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It’s been more than a decade since country-punk trio WD-40 has offered us new material. The release of La nuit juste après le déluge, their fifth album – fully rowd-funded in less than 72 hours (!) – signals the return of one of the last still-active, ferociously independent cult bands to come out of Québec’s early-‘90s alternative rock scene. We meet Alex Jones, his inseparable brother Jean-Lou, and drummer/archivist/communications person/chief bottle-washer Hugo Lachance, as they step off the stage after a memorable (as always) launch party at Montréal’s Lion d’Or.

WD-40 are celebrating 25 years of existence, or survival; of rockin’, of underground-classic songs, of excess, of not-always-controlled wipeouts, of aborted near-successes, and of often mythical and sometimes pathetic gigs. But always true to a reputation for authenticity that’s guided this Saguenay-born band since its inception.

Upon listening to La nuit après le deluge…, it’s clear that the band’s unexpected return wasn’t motivated by profit, or any desire to surf a wave of nostalgia for a bygone era. The vast majority of their 10 new songs mirror recent events, painful ones, yet expressed with more poetry and subtlety than on their previous efforts – with none of songwriter, singer, and bassist Alex Jones hurt feelings spared. The man can’t help singing the truth, to whoever cares to listen.

The genesis of the album dates two years back, a time during which Jones was going through a painful breakup. “Three-quarters of those songs were written during the year of my separation,” says Jones in the lobby of the Lion d’Or, where die-hard fans say hi to him, one by one, as they leave the venue – after buying a T-shirt at the merch table. “We’ve gotten back together since, she and I… But it still is the album where I bared my soul the most, it tells the story of what I went through, the story of my life. That’s what I’ve always done, but nowadays, the consequences are much more dire.

“It’s one thing to be 20, to go on a bender and to cheat on your girlfriend. But when you’re 40 and you cheat on your girlfriend, and there are kids involved, a mortgage to pay… That’s heavy, trying to find a balance, to make everything work again, that’s what inspired the lyrics on La nuit juste après le deluge…  I didn’t write it verbatim as I used to do; instead, I tried to capture the essence of the feelings I had. I ended up with nothing, I hit rock bottom, just like when I was a junkie… I create in pain and withdrawal.”

“The only reason I’m interesting is because I create music. Otherwise, I’m a complete nobody. It’s what gives my life meaning, and what makes my daughters proud of me.”

Pain and withdrawal, for all their creative impetus, have also been Jones’ worst enemies. The man has fallen off the addiction wagon more than once, using various substances to fill the void and numb the pain. So much so that he couldn’t keep up. “I didn’t have anything left, I’d even sold my clothes!” he admits. “But I pulled myself up by the bootstraps, I quit music, had kids, bought a bungalow in the ‘burbs, dove headfirst into [Québec] TV series [most notably Au secours de Béatrice], climbing the ladder from set technician to artistic director. And it helped me tremendously, it was how I earned a living for four years.”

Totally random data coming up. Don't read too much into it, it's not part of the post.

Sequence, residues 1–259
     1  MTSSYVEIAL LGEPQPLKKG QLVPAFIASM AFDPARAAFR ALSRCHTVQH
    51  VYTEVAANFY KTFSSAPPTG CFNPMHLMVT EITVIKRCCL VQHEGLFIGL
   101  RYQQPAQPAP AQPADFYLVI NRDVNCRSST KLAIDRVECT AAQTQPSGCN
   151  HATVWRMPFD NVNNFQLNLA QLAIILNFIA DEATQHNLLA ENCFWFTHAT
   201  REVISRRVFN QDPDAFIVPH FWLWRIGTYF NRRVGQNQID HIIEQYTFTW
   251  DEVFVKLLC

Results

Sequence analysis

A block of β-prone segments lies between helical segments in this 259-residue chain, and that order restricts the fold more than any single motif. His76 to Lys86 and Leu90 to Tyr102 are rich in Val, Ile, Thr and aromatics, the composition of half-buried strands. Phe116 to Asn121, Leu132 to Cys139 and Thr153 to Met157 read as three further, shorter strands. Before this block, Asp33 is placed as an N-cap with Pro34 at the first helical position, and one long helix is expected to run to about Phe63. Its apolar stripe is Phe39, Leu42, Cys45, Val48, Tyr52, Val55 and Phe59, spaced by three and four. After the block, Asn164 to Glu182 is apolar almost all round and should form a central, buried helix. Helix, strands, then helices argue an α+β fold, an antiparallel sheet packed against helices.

As far as the music goes, La nuit juste après le deluge… is a bona fide WD-40 album, but with a greater rockabilly and psycho-billy influence. This new stylistic direction perfectly integrates into the band’s musical personality, yet gives this album a clearly defined edge. “That’s where I wanted to go, and I asked Yann Perreau if he would care to be involved in the production of the album,” says Jones. “I met with him in a café one morning, and he invited me back to his place. We drank rum and listened to the demos in his kitchen, and he’s the one who said I should explore the rockabilly side of things more. In the end, he was too busy to help with the production, but I did heed his advice! It’s his contribution to the album. I love Yann!”

In the end, it’s Mingo L’Indien, keyboardist and guitarslinger of the “petrochemical rock” outfit Les Georges Leningrad who was in charge of the recording, production and mix for La nuit juste après le deluge… It’s a choice Jones doesn’t regret for a second, despite the man’s peculiar personality. “Mingo’s a very elusive man, a truly strange man,” says Jones. “The songwriting and recording sessions were spread out over three years, and we needed somebody to corral all of that in, so that it could end being somewhat cohesive. He did a great job.”

As this impromptu interview draws to a close, Jones won’t let go. WD-40 is his whole life. Nowadays, his desire for recognition is more aligned with the actual chances of achieving popular success. (His goal, now, is to get invited to play the music variety TV show Belle et Bum.) He’s as convinced as ever that his place is onstage, no matter which one, as long as he and his partners-in-crime are welcome – in order to celebrate and share the cathartic effect of rock.

“The only reason I’m interesting is because I create music, otherwise, I’m a complete nobody,” he says. “It’s what gives my life meaning, and what makes my daughters proud of me. That means that as long as people call me to play somewhere, I’ll go. I’m not going to wait 11 years to release another album. It’s what I like the most in life and it’s not going to stop. Life is way too short. Now is the time to do things. If you do nothing now, nothing’s going to happen later.”

WD-40 will be back on the Lion d’Or stage on March 2, 2018, during Montréal en Lumière.